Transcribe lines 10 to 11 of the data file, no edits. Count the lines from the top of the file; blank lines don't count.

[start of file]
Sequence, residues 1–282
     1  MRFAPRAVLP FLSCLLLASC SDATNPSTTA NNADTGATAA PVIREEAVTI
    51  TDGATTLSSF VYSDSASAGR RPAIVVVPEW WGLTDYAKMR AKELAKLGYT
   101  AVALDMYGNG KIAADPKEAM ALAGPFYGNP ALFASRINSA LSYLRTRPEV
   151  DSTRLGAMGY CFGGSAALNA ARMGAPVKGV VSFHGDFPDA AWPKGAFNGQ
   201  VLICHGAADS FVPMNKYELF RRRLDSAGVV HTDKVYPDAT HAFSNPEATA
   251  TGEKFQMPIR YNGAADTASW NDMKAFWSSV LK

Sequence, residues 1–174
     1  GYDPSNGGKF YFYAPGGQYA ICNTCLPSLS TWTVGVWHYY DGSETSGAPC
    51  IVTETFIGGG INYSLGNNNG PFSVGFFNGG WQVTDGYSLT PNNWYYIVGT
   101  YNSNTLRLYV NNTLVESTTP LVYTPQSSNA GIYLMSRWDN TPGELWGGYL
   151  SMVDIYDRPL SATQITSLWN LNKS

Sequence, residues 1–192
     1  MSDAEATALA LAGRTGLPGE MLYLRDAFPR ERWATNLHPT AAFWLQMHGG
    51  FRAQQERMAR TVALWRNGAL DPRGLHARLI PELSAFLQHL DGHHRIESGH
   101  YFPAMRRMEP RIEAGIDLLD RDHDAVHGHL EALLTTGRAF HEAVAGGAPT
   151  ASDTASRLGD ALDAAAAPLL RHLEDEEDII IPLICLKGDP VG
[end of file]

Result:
    51  IVTETFIGGG INYSLGNNNG PFSVGFFNGG WQVTDGYSLT PNNWYYIVGT
   101  YNSNTLRLYV NNTLVESTTP LVYTPQSSNA GIYLMSRWDN TPGELWGGYL